He taught music to actors Ewan McGregor and Daniel Craig in the 1990s and, as director of the Yong Siew Toh Conservatory of Music, is probably the most influential music educator in Singapore today.
However, Professor Bernard Lanskey, 54, never planned on a musical career and certainly does not think his should be considered an inspiration. He has even tried and failed to persuade his older daughter to give up studying the viola, arguing that there was no well-trodden road to success.
"I also do engage with most students who come here about whether this is the right path for them. They can't be naive, they have to be aware of the challenges that face them," he says in an interview at his office.
Among the hardships are finding the route to musical excellence and financial stability. The conservatory hopes to help with one of these, by offering Singapore's first-ever master's in music programme, which starts in August. It should hopefully stem the outflow of graduate students to overseas music schools.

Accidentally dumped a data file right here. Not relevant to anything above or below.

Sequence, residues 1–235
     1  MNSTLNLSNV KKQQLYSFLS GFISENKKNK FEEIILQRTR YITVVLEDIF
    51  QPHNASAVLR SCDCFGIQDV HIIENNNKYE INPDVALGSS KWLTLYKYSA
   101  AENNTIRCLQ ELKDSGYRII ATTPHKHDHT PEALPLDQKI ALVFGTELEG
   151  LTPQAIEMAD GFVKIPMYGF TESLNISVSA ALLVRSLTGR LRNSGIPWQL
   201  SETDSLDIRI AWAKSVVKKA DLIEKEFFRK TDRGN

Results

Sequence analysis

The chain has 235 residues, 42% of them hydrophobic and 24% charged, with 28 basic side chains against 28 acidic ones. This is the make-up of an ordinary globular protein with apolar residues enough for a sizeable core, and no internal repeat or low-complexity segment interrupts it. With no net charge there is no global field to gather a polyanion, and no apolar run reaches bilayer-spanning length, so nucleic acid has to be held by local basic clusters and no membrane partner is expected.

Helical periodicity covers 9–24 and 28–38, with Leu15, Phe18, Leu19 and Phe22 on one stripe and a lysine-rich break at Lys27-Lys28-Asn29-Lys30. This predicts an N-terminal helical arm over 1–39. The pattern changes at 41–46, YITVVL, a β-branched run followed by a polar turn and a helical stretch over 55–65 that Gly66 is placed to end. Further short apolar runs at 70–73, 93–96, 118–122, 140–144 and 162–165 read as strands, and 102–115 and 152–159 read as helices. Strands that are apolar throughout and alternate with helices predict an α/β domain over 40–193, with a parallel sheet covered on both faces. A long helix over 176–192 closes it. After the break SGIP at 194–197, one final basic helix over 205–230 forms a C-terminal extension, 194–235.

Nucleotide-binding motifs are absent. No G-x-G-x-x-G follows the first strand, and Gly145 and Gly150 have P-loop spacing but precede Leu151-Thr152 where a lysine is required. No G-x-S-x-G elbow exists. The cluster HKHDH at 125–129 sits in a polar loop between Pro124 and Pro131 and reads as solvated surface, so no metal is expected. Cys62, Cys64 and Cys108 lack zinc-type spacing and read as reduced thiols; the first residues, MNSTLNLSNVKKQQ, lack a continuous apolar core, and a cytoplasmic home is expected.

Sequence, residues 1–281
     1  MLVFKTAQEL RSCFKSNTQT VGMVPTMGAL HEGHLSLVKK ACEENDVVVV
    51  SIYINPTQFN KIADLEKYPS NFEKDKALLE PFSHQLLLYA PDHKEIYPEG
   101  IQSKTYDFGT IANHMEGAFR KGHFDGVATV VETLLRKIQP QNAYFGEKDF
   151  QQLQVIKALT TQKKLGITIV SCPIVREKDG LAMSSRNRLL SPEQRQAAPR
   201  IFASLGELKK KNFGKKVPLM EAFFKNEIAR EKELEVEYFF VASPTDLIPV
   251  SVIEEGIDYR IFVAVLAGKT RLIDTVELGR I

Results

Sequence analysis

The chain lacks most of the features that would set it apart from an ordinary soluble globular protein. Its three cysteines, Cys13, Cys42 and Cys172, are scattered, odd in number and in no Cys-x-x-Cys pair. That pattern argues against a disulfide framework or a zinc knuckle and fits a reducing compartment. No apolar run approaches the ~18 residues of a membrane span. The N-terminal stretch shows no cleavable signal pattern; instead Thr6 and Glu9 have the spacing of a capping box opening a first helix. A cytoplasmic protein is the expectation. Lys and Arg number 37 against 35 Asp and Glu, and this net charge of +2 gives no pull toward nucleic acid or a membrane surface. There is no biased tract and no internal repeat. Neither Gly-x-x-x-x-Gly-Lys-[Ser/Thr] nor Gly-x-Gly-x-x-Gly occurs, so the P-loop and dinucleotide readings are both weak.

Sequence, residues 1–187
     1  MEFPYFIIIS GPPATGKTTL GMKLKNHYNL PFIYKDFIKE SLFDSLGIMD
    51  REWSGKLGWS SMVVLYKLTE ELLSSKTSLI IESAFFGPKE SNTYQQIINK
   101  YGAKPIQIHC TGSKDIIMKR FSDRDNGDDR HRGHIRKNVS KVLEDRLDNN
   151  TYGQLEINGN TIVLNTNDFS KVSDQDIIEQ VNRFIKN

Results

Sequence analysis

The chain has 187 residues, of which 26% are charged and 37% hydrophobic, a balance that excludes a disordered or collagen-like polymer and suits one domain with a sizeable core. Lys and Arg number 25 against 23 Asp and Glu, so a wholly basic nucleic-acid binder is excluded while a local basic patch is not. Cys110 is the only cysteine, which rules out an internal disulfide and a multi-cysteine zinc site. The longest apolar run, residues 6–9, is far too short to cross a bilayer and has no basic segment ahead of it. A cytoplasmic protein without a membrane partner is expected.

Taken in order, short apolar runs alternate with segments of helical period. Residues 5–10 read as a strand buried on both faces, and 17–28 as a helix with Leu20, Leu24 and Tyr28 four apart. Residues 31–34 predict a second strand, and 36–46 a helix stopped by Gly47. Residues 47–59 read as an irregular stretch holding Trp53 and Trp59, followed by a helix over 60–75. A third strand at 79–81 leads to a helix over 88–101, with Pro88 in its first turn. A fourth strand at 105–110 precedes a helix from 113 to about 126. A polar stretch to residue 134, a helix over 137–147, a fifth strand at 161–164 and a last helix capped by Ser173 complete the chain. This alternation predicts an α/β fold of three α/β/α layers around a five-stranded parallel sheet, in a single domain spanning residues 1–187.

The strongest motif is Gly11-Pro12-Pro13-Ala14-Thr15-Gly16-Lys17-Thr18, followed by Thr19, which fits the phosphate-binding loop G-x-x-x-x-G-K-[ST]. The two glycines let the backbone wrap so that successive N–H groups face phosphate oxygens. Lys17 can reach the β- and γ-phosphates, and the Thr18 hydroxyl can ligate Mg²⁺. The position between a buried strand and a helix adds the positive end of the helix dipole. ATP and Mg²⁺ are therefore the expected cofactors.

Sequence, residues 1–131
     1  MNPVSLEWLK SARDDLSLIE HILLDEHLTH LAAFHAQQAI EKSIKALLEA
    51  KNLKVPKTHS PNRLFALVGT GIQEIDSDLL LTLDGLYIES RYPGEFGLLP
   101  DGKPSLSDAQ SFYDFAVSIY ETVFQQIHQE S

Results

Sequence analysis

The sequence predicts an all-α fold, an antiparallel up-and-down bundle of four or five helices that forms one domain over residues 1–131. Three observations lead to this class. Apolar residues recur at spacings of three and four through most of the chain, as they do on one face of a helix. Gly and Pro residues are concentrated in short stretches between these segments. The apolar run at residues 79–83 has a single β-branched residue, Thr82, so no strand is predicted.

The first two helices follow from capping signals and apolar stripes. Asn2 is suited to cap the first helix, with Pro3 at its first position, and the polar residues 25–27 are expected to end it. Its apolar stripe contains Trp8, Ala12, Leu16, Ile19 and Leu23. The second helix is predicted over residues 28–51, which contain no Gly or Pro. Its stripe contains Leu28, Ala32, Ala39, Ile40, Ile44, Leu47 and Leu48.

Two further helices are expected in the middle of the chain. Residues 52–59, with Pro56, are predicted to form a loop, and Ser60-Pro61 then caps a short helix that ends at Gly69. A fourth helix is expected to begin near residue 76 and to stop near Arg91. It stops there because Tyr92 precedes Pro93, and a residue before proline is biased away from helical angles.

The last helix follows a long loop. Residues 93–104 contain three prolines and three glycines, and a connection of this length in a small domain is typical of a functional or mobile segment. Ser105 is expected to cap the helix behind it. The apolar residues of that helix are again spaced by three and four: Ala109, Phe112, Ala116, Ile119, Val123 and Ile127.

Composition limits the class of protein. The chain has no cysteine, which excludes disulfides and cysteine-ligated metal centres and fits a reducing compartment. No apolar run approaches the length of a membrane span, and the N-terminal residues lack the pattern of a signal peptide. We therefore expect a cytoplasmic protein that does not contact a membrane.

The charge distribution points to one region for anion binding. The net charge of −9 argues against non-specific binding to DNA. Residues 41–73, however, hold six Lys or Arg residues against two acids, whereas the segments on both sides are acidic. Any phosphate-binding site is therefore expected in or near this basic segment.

The two-year course is open only to Singaporean and permanent residents, and fee details will be firmed up soon. Next year, the conservatory will offer a part-time master's programme so musicians and music teachers here can upgrade their skills.
The master's degree is the most recent triumph of the Australian educator's six years as director of the conservatory. He joined in 2007 as deputy director and took over from late founder Steven Baxter, who left the post when diagnosed with cancer.
Yong Siew Toh has since offered a joint degree with the well-known Peabody Conservatory of The Johns Hopkins University, a pioneering partnership for an Asian conservatory.